Though in small numbers, the moderate Pakistan is fighting back to stem the onslaught of the extremist forces. Expediency may have forced the religious right to come together, but this unity is fragile. Most of these clerics have been responsible for inciting religious and sectarian violence that has left hundreds of Muslims dead. They have turned Pakistan into the most intolerant society in the entire Muslim world. Many respected Islamic scholars who challenged the extremists and militants have either been killed or forced to leave the country. Even mosques and shrines have not been spared in the bloody sectarian war.
This is certainly not the country that was founded some 63 years ago by Mohammed Ali Jinnah. And this is not a battle between liberals and extremists, but between those who want to turn the country into a theocratic dictatorship and those championing the cause of democracy, rule of law and religious harmony. It is a battle that will ultimately decide the direction the country heads in.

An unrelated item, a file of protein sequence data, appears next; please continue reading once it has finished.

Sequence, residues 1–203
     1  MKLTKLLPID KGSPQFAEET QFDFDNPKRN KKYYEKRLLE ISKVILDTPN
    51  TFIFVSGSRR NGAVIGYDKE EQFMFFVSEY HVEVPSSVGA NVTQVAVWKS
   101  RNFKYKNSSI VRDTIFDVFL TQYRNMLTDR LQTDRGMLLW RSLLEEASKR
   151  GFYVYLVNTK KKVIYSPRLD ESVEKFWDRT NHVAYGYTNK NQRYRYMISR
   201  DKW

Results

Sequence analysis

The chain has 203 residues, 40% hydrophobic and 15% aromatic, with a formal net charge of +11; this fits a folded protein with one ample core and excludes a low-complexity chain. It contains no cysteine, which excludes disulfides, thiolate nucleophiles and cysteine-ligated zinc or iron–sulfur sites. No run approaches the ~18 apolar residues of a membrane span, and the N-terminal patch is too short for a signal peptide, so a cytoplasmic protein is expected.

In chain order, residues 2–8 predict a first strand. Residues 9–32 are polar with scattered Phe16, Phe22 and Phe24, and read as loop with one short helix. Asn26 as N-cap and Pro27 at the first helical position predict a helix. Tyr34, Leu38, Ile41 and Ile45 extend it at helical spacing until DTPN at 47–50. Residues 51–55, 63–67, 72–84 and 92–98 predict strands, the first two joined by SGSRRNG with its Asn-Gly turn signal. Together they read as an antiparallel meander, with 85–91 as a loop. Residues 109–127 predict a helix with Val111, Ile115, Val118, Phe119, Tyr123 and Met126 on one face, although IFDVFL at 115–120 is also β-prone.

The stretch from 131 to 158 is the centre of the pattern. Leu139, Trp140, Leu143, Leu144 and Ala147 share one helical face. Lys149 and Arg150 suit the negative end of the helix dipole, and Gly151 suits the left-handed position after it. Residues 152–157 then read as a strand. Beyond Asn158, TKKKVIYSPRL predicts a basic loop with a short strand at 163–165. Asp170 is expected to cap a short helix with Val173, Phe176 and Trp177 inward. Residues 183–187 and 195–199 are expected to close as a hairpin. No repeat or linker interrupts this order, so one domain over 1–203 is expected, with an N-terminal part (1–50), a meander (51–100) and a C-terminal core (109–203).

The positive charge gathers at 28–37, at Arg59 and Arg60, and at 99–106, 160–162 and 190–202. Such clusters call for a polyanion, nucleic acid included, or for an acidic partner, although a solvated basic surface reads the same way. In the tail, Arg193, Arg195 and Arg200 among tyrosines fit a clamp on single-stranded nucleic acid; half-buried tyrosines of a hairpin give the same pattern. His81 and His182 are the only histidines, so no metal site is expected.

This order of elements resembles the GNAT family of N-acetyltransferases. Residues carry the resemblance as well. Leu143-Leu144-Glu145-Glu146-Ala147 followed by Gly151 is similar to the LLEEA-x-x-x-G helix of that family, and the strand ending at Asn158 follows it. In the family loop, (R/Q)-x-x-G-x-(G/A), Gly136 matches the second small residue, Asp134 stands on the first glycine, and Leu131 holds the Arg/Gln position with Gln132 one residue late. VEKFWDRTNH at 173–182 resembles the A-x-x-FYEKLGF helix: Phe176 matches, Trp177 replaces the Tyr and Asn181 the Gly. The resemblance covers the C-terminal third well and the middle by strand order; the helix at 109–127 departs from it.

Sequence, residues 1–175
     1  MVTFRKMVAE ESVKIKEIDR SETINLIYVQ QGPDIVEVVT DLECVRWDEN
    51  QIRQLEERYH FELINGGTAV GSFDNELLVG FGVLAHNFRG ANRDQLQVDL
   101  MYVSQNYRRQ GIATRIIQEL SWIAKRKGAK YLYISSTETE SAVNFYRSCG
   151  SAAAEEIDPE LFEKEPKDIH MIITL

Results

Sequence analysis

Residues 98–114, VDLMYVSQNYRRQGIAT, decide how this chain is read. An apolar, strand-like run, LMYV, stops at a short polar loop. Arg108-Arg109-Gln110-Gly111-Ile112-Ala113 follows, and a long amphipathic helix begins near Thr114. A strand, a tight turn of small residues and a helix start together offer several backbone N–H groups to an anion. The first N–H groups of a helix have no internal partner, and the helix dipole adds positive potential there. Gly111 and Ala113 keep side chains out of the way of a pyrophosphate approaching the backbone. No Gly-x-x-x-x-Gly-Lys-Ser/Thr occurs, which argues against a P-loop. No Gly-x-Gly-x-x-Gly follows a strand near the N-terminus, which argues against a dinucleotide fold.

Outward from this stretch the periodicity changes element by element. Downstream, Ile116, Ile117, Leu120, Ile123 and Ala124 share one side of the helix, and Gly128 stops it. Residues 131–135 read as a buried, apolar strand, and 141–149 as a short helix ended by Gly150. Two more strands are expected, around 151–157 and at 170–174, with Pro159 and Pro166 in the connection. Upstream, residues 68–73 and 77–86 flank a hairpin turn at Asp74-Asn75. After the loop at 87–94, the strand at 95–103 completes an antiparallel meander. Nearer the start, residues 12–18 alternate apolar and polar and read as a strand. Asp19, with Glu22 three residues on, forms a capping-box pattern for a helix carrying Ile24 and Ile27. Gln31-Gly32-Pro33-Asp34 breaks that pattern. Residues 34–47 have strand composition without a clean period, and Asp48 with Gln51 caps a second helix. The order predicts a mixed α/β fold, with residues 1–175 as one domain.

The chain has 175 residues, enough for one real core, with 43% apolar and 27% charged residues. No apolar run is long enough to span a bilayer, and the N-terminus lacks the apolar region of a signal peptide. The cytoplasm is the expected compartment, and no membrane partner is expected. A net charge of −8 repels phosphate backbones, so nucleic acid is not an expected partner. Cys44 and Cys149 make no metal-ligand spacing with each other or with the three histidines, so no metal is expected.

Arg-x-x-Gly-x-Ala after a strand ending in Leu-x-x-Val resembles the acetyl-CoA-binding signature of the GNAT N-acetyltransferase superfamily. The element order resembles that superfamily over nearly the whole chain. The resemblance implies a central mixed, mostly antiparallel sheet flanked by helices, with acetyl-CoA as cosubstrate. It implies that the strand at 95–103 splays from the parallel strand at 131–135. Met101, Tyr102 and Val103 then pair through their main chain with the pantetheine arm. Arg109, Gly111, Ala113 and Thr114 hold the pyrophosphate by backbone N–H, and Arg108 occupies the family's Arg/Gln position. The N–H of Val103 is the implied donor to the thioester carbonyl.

Throughout its history, Pakistan has been a state in search of its identity, and the struggle between religious extremists and moderates has remained at the centre of that quest. Though Pakistan was not founded as an Islamic theocratic state, from the start a battle ensued between moderate Muslims, who wanted a modern, democratic state, and religious extremists who agitated for a theocratic rule. Jinnah’s vision for Pakistan was of a modern democratic state, and Islamic fundamentalists opposed his demand for a separate Muslim homeland and considered him a heretic. Major opposition to the push for Pakistan’s independence came from the same elements that are now responsible for Pakistan’s descent into chaos.
Islamist parties, though never able to win a majority in parliament, have secured far greater influence than the number of their supporters justifies, preventing the development of a sustainable liberal democracy in the country. Largely due to the patronage of security agencies in the past, the forces of radical Islam have succeeded in infusing religion into the very fabric of the state. Despite their majority in parliament, the moderate and liberal parties have not been able to overturn discriminatory laws affecting religious minorities and women’s rights.